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NITAAI-Veda.nyf > Soul Science God Philosophy > Your Secret Journey > Biological Mythology > A Biological Mythology

Evolution: A Biological Mythology        


When the theory of evolution is stripped off the bombastic word jugglery by which evolutionists try to cover its reality, what does it actually say? "Long ago and far away, there was a pile of sand by the seashore. It looked just like regular sand, and so it was. Water was lapping at the shore. It looked just like regular water, and so it was. Then a storm arose and lightning flashed. Nothing ran for cover, for nothing was alive. Then the bolt of lightning hit    the    water-and    a    living creature came into existence. It swam  around for a time,  had children and later, descendants. Thousands   of   years   later   it gradually   figured  out   how  to invent various organs necessaiy for survival (such as heart and kidneys). And they eventually learned how to reproduce and bear young ones." The story would only work for children below six. Above that, they would reply, "Come on, now, you're just fibbing!" A competent geneticist would die laughing. Yet this is essentially what evolutionary theory teaches.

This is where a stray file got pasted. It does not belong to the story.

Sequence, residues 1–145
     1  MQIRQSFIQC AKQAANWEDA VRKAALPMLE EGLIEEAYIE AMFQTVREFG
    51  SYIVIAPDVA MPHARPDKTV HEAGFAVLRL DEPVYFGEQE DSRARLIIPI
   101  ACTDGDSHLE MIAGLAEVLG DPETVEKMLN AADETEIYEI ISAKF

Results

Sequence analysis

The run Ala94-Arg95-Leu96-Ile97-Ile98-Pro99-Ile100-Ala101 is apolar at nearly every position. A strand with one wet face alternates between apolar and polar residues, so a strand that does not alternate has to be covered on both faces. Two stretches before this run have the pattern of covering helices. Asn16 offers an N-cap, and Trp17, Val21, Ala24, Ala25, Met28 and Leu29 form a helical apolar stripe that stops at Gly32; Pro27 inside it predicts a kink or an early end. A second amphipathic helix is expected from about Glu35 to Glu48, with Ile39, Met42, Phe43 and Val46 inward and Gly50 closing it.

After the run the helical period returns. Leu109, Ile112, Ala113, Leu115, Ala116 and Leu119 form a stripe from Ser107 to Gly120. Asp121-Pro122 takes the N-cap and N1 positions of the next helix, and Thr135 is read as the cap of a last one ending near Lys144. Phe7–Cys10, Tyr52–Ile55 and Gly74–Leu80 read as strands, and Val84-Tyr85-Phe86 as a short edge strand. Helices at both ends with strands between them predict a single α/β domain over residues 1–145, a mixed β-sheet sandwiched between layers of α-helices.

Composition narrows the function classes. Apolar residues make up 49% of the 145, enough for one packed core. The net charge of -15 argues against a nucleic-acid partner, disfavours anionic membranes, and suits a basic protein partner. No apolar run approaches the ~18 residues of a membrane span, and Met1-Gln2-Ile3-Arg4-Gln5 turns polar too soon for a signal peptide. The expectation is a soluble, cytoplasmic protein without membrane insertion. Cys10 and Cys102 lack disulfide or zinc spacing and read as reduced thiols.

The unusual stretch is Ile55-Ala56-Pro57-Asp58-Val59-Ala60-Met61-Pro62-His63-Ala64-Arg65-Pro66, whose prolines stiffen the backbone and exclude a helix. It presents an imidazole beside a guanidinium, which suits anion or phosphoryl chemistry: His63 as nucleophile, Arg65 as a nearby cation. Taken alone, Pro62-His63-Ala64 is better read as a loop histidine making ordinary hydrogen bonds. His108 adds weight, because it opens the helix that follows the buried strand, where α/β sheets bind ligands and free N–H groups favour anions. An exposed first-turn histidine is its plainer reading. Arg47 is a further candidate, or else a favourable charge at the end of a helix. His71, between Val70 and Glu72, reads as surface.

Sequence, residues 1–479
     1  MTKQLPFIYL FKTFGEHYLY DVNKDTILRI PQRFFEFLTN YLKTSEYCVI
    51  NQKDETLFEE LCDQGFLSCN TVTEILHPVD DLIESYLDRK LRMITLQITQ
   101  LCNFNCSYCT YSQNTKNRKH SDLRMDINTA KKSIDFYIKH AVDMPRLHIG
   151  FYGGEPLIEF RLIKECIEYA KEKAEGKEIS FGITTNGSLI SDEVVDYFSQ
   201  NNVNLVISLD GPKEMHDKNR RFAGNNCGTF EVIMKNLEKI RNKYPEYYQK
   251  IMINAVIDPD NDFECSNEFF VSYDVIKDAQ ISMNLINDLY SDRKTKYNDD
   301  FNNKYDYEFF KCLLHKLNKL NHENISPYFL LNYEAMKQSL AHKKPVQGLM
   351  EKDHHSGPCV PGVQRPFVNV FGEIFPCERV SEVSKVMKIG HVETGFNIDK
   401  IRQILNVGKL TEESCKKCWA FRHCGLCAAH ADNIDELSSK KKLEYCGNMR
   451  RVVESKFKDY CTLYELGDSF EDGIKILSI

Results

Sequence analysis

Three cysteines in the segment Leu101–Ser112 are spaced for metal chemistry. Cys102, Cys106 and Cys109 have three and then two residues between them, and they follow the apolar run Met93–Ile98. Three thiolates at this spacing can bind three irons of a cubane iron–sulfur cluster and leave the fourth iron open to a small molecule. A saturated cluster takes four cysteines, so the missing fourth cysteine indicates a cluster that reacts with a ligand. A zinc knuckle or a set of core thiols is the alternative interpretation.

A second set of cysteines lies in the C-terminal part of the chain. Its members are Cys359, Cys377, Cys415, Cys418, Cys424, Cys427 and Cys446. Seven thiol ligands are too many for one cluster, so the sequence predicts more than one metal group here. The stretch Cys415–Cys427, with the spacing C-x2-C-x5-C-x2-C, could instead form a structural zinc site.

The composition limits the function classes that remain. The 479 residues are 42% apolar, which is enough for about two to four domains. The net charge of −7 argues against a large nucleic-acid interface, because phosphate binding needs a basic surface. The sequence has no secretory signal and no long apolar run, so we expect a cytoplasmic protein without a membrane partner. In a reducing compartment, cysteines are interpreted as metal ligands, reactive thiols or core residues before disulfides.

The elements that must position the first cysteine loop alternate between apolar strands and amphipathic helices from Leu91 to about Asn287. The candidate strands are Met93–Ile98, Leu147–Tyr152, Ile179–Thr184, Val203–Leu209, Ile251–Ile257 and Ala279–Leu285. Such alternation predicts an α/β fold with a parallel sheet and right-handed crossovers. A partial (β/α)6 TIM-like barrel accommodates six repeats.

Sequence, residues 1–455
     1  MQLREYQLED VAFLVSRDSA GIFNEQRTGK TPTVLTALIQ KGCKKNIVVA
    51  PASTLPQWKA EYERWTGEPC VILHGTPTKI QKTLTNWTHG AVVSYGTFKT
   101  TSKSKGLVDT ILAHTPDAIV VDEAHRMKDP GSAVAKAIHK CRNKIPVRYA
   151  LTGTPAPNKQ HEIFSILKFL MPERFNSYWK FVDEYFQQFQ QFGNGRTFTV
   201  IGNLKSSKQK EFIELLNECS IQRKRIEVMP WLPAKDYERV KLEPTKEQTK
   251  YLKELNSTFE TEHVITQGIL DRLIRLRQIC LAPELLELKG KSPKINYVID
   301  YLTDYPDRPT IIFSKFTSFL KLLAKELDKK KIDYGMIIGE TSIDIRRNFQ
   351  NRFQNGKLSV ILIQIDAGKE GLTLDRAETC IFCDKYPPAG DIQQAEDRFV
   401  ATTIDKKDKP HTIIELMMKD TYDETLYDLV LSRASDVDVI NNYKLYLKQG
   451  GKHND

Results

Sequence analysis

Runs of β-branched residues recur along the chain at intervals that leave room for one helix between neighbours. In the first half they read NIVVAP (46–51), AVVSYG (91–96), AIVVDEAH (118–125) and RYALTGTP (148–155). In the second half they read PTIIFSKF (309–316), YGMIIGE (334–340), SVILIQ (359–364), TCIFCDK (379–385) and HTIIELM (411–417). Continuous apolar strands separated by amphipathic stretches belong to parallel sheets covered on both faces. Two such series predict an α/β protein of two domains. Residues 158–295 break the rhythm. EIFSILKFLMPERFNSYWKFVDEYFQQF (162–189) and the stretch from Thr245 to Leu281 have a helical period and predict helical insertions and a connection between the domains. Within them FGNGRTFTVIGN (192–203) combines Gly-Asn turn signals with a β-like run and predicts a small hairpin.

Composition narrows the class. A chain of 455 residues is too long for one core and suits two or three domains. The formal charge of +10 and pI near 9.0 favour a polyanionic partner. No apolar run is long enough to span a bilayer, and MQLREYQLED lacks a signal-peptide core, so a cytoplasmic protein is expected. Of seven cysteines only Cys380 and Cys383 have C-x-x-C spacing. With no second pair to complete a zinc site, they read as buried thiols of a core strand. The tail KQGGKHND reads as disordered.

Concern not yourself with foolish prattle by men of science about DNA and amino acid codes, concentrated chemical compounds, continuing need for energy, food requirements, necessity for complex male and female reproduction systems, cell contents, bone construction, hormones, gastrointestinal system, brain, heart, nerves, circulatory system, lymphatics, and all the rest. Be content with the tale as it reads: "Lightning hit some seawater and changed into a living organism, and then that organism had enough brains to continually redo its DNA coding so it could gradualy change into transitional forms and wake itself into ever-new species." Ignore the fact that it never haPpens today, and no evidence is available that it has ever occurred in the past. Those enamored with the story give no th°ught to scientific facts which forbid it.


The well-known evolutionist Loren Eiseley therefore conceded, "After having chided the theologian for his reliance on myth and miracle, science found itself in the unenviable position of having to create a mythology of its own. namely, the assumption that what, after long effort, could not be proved to take place today, had, in truth, taken place in the primeval past."